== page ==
Leeds is better than Sheffield for music because they organise ridiculous day-long festivals (Constellations Festival) in a single labyrinthian venue (Leeds University Union) and stuff the line-up with an unbelievable number of awesome bands (Stephen Malkmus, Braids, Islet, Eagulls, Vondelpark, The Antlers, Yuck,...you get the picture) meaning you struggle to try and see everyone you want before having to catch the train home as you live in Sheffield and nobody there arranges anything anywhere near as amazing.
I met up with my bro Andy (who runs this cool blog - www.crackintheroad.com) in Sheffield and we caught the fast train to Leeds. While chatting away about the festival some old dude overheard us talking about "Riley Smith" (the name of one of the venues at the festival) which seemed to set him off on a nostalgia trip about a 1950s dancehall in Tadcaster with the same name. We then started talking about music again and he fell asleep. I guess chatting away about the recently announced Primavera Sound line-up isn't that interesting to retired train conductors.
Upon arriving in Leeds, and waking up the old guy sitting next to me so I could get off the train, we headed over to the Leeds Uni campus. On the way some drunk dude hanging out next to a pub showing the England game saw Andy and remarked "you dress like i want to" which was weird. We finally found Leeds University Union, got our wristbands and chilled out in the bar waiting for Islet to start. There was a weird film showing in there that involved a long lingering overhead shot of a fat guy taking a piss while lying in a bath-tub. I didn't really understand.
Five pm rolled around, Andy went off to go see twee-buzzband Summer Camp while I headed towards the aforementioned "Riley Smith" hall for Islet. I cannot emphasise enough how stoked I was to see these guys again. The Cardiff quartet were by far the highlight of Tramlines Festival a few months back and I've been listening to the mindblowing 'This Fortune', the first single from their upcoming debut album, pretty much non-stop over the last week. The Riley Smith hall kinda had a school assembly hall vibe going on although the festival had clearly tried to contemporise the room by hanging a bunch of Ikea lampshades from the lighting rigs on stage. Islet took to the stage 15 minutes or so late and kicked things off with an intense new song that went on for well over 10 minutes. They followed this up with a rendition of 'This Fortune' which sounded just as good live as it had during repeated plays on my mp3 player. It was during this song that the band members started their typical off-stage excursions, wandering through the crowd shouting and shaking tamborines at confused audience members. Their moustached guitarist/bassist jumped off an amp mid song, a drum was knocked over and fell off it's stand from the intense pounding it was receiving while impromptu instrument swapping meant that they spent half a song playing a keyboard before noticing it wasn't plugged in, fixing the problem and adding another awesome layer to another new song. Apart from 'Iris', every song they played was new and sounded fantastic. Based on this energetic performance, their upcoming album 'Illuminated People', is going to be astonishingly good. Islet deserve to be huge; there isn't a band around at the moment that put on a better live performance.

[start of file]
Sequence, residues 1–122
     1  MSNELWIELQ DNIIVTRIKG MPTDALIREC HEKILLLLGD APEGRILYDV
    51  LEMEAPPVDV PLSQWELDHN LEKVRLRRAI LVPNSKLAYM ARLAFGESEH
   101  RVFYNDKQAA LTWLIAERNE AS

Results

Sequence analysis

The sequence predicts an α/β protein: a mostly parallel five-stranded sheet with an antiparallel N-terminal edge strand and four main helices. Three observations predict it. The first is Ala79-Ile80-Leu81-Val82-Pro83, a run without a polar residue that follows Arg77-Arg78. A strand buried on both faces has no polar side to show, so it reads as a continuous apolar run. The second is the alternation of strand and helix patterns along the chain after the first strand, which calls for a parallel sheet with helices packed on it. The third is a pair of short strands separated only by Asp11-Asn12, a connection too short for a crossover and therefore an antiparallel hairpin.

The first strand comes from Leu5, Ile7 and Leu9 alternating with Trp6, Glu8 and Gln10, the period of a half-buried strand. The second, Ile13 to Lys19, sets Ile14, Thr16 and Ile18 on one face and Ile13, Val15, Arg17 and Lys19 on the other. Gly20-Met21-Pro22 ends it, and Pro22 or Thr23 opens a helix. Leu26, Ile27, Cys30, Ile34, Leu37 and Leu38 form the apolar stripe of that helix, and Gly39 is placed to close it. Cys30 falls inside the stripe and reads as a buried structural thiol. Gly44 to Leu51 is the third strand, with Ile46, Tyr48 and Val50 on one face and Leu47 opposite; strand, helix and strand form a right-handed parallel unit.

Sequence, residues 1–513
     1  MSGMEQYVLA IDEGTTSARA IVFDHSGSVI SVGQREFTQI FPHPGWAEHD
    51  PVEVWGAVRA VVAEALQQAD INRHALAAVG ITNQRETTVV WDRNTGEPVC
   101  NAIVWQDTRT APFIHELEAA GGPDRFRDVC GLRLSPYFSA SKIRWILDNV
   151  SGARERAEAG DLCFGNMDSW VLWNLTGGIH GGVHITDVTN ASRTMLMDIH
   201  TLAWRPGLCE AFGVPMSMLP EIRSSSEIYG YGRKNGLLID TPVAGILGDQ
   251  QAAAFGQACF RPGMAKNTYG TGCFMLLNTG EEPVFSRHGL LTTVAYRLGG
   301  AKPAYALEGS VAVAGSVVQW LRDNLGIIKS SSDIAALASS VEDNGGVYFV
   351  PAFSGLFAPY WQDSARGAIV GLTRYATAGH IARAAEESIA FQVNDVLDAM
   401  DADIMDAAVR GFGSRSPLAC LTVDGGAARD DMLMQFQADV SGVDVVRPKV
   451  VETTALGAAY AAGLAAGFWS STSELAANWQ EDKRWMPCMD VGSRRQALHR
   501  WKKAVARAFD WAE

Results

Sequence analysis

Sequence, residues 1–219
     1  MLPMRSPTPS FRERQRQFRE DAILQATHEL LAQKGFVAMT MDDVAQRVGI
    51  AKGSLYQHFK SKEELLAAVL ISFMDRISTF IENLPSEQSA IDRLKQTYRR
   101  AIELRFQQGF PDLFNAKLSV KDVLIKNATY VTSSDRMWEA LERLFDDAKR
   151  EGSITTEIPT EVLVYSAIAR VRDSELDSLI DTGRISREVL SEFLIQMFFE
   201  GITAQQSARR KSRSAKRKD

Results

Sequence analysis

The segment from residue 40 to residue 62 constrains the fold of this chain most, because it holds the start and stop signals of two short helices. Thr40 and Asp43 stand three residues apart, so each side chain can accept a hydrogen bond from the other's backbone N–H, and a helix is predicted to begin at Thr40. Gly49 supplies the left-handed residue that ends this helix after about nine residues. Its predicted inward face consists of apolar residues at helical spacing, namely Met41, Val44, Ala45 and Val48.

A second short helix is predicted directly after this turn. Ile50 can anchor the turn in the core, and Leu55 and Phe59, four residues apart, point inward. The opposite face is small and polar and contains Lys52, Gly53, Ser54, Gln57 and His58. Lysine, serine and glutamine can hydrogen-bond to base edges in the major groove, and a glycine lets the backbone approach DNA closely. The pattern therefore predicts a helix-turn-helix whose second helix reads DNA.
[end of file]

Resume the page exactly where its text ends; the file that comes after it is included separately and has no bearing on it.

After being blown away by Islet we headed down into the main room and awaited indie-rock demigod Stephen Malkmus (and the Jicks). He kicked things off with the rocking track 'Senator' and afterwards enaged the crowd with some typically slack stage chatter while pulling out his phone to check his messages on stage. I guess I can cut him some slack on that given that the guy is responsible for some of the greatest indie rock albums ever released.